On suicide bombings: questioning rationalist models and logics of gender

Abstract : The theories of rational choice have been widely used in analysing suicide bombings. Such a use is here critically examined along three lines. First, the limits of this theoretical framework when applied to sacrificial violence are assessed and especially the internal contradictions which appear with the notion of 'symbolic posthumous rewards'. Second, differences emerge in the use of rational choice theory when the focus is upon female suicide bombers. Indeed, deprivation theories come then to the fore, the idea of personal crisis and the impact of patriarchal social relationships. This switch in the analysis, which does not seem based on differences in the data, confirms gender studies which underline the specific difficulty to envisage female political violence. Finally, to go beyond both reductionisms, a compared analysis of suicide attacks in Chechnya, Iraq and Israel/Palestine is proposed. It aims at restituting the context of action and the narratives at work, making a clear distinction between two levels of analysis, the one of the organizations, which can largely be understood in terms of their strategic rationale, and that of the suicide bombers themselves, for whom it seems more heuristic to use the concepts of narratives and horizons of expectation.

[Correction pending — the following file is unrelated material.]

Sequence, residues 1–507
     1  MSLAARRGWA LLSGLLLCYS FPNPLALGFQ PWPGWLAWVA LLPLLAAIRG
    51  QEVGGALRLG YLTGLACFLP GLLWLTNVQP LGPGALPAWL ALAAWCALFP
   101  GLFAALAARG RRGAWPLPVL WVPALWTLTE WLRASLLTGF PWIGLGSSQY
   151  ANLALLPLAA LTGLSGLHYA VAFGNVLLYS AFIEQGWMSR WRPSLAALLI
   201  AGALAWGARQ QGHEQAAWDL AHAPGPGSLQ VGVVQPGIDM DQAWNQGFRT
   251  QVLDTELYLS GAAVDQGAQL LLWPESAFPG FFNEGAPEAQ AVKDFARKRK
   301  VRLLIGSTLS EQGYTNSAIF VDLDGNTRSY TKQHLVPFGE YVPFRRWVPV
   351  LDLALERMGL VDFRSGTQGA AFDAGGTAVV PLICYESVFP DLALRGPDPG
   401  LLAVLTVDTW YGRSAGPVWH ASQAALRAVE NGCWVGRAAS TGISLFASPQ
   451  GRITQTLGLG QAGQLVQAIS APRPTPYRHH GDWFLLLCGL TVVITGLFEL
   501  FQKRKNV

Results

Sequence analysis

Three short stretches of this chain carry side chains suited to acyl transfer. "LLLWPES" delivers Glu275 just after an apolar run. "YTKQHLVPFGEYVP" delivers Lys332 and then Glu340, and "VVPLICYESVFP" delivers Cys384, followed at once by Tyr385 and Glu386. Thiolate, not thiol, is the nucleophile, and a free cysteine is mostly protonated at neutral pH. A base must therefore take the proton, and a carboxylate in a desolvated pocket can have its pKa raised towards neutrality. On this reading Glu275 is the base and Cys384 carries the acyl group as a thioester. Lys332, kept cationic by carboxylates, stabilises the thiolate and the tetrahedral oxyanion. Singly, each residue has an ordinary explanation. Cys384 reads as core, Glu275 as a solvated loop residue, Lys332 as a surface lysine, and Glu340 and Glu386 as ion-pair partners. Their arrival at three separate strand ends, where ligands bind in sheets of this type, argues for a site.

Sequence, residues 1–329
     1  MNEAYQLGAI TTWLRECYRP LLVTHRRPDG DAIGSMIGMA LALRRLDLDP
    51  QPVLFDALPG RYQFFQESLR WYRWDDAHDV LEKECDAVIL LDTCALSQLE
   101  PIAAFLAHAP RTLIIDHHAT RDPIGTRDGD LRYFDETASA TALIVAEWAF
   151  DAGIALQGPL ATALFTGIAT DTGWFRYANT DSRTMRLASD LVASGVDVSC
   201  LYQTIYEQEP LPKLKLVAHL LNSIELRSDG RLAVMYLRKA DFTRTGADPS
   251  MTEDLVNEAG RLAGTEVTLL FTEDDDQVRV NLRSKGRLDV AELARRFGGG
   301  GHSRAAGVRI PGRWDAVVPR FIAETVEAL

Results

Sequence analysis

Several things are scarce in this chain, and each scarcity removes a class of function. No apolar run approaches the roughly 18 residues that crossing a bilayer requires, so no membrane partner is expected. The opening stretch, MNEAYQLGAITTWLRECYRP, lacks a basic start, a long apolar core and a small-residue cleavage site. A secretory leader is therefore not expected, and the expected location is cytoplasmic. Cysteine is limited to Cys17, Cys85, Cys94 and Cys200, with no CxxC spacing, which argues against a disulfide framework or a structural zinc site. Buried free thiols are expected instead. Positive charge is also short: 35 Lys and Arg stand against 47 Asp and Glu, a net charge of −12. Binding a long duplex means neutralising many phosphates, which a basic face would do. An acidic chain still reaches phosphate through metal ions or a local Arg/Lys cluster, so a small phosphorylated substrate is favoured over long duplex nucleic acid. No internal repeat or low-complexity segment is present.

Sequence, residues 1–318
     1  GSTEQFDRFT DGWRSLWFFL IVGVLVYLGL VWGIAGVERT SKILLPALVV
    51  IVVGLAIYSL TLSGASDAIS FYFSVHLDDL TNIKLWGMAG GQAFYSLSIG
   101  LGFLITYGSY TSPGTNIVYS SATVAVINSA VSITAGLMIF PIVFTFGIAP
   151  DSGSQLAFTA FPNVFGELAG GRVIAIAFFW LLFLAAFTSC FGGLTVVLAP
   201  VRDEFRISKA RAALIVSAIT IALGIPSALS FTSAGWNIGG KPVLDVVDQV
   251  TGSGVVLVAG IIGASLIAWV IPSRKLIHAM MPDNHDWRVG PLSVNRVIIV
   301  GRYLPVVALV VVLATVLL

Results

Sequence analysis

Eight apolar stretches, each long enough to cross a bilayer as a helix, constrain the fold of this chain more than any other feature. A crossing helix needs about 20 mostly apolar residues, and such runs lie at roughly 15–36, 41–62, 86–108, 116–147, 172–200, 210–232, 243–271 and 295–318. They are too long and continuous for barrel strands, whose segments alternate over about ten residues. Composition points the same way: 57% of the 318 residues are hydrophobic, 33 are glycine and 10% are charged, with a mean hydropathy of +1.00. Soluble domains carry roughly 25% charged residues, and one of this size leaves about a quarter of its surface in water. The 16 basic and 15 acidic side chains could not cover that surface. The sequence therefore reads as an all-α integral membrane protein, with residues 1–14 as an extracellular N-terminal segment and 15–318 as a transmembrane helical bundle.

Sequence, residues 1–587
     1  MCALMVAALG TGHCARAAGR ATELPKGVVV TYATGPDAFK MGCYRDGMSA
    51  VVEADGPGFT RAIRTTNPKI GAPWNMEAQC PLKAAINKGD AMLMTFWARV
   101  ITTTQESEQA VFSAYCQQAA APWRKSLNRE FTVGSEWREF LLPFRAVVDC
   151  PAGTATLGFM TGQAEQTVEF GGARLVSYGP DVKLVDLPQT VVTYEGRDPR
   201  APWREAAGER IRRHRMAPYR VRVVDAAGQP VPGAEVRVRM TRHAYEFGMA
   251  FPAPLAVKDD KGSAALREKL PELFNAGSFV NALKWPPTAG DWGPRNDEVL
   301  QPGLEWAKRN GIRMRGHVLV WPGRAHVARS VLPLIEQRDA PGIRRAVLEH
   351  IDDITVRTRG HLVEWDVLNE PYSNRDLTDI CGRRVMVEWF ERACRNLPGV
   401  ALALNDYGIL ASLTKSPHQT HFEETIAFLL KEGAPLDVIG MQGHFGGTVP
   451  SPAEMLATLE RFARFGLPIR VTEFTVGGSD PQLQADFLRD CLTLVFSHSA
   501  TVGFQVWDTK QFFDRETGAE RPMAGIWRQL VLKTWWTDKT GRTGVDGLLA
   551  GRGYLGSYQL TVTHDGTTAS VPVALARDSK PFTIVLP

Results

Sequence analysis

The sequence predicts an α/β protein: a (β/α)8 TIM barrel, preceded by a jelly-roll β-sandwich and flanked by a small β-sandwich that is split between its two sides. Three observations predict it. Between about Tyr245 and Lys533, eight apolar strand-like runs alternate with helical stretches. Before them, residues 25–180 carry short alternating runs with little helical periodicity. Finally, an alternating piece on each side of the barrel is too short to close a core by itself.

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Contributor : Pénélope Larzillière <>
Submitted on : Friday, June 29, 2018 - 9:24:50 PM
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Pénélope Larzillière. On suicide bombings: questioning rationalist models and logics of gender. International Review of Sociology, Taylor & Francis (Routledge), 2016, 27 (1), pp.108 - 125. ⟨10.1080/03906701.2016.1259136⟩. ⟨ird-01826844⟩

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